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Summary

Automated Exposure Notication (AEN) was implemented in 2020 to supplement traditional contact tracing for COVID-19 by estimating "too close for too long" proximities of people using the service. AEN uses Bluetooth messages to privately label and recall proximity events, so that persons who were likely exposed to SARS-CoV-2 can take...

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Bluetooth Low Energy (BLE) Data Collection for COVID-19 Exposure Notification

Summary

Privacy-preserving contact tracing mobile applications, such as those that use the Google-Apple Exposure Notification (GAEN) service, have the potential to limit the spread of COVID-19 in communities; however, the privacy-preserving aspects of the protocol make it difficult to assess the performance of the Bluetooth proximity detector in real-world populations. The GAEN service configuration of weights and thresholds enables hundreds of thousands of potential configurations, and it is not well known how the detector performance of candidate GAEN configurations maps to the actual "too close for too long" standard used by public health contact tracing staff. To address this gap, we exercised a GAEN app on Android phones at a range of distances, orientations, and placement configurations (e.g., shirt pocket, bag, in hand), using RF-analogous robotic substitutes for human participants. We recorded exposure data from the app and from the lower-level Android service, along with the phones' actual distances and durations of exposure.
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Summary

Privacy-preserving contact tracing mobile applications, such as those that use the Google-Apple Exposure Notification (GAEN) service, have the potential to limit the spread of COVID-19 in communities; however, the privacy-preserving aspects of the protocol make it difficult to assess the performance of the Bluetooth proximity detector in real-world populations. The...

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Radar-optimized wind turbine siting

Author:
Published in:
IEEE Trans. Sustain. Energy, Vol. 13, No. 1, January 2022, pp. 403-13.

Summary

A method for analyzing wind turbine-radar interference is presented. A model is used to derive layouts for siting wind turbines that reduces their impact on radar systems, potentially allowing for increased wind turbine development near radar sites. By choosing a specific wind turbine grid stagger based on a wind farm's orientation relative to a radar site, the impacts on that radar can be minimized. The proposed changes to wind farm siting are relatively minor and do not have a significant effect on wind turbine density. With proper optimization of radar clutter mitigation, radar tracking performance above such wind farms can be significantly increased. Both present-day and potential future or upgraded radar systems are analyzed. The reduction in radar performance due to wind turbine clutter is approximately halved using this method. The developed method is robust with respect to controlled variations in wind turbine placement caused by potential obstructions.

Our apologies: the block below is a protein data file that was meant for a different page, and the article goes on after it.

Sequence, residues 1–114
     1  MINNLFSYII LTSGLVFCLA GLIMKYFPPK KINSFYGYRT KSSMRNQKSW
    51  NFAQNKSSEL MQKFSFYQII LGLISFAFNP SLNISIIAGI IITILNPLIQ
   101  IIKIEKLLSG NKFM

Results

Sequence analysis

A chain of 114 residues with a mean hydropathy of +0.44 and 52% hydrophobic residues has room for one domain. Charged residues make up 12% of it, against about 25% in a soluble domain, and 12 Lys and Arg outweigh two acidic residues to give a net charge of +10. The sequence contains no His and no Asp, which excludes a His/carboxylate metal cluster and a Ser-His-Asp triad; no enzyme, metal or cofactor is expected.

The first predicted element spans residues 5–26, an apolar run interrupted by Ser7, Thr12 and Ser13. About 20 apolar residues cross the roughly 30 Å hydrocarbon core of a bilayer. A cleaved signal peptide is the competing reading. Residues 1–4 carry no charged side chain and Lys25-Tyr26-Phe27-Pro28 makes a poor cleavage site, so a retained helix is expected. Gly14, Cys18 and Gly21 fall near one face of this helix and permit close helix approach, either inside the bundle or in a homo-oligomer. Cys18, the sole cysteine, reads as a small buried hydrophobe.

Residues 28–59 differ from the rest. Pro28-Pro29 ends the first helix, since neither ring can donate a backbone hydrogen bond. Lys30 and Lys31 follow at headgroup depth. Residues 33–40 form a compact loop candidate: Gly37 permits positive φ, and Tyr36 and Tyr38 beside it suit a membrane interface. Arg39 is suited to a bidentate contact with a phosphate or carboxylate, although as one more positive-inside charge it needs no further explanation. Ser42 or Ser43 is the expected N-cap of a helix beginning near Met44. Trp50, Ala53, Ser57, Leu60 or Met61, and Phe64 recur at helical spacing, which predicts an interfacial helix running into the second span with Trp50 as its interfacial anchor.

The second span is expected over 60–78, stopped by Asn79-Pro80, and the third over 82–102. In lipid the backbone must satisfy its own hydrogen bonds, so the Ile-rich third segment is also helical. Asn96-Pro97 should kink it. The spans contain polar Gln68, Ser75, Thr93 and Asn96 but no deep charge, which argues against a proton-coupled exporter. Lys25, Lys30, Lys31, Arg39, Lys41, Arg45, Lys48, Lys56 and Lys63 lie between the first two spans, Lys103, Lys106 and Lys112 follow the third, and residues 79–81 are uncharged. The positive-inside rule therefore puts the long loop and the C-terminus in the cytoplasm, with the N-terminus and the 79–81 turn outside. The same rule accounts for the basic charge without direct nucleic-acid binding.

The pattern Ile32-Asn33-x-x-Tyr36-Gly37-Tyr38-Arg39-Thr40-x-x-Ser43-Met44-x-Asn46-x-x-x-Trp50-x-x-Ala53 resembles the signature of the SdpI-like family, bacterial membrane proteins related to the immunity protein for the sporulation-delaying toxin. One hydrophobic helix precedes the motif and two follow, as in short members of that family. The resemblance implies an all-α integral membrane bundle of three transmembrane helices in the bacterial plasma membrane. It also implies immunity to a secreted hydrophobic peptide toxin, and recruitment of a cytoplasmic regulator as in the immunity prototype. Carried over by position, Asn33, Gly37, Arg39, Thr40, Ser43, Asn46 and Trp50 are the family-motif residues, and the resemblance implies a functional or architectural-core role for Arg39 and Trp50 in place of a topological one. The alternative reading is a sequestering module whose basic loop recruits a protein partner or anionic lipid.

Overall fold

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Summary

A method for analyzing wind turbine-radar interference is presented. A model is used to derive layouts for siting wind turbines that reduces their impact on radar systems, potentially allowing for increased wind turbine development near radar sites. By choosing a specific wind turbine grid stagger based on a wind farm's...

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Utility of inter-subject transfer learning for wearable-sensor-based joint torque prediction models

Published in:
43rd Annual Intl. Conf. of the IEEE Engineering in Medicine & Biology, 31 October 2021-4 November 2021.

Summary

Generalizability between individuals and groups is often a significant hurdle in model development for human subjects research. In the domain of wearable-sensor-controlled exoskeleton devices, the ability to generalize models across subjects or fine-tune more general models to individual subjects is key to enabling widespread adoption of these technologies. Transfer learning techniques applied to machine learning models afford the ability to apply and investigate the viability and utility such knowledge-transfer scenarios. This paper investigates the utility of single- and multi-subject based parameter transfer on LSTM models trained for "sensor-to-joint torque" prediction tasks, with regards to task performance and computational resources required for network training. We find that parameter transfer between both single- and multi-subject models provide useful knowledge transfer, with varying results across specific "source" and "target" subject pairings. This could be leveraged to lower model training time or computational cost in compute-constrained environments or, with further study to understand causal factors of the observed variance in performance across source and target pairings, to minimize data collection and model retraining requirements to select and personalize a generic model for personalized wearable-sensor-based joint torque prediction technologies.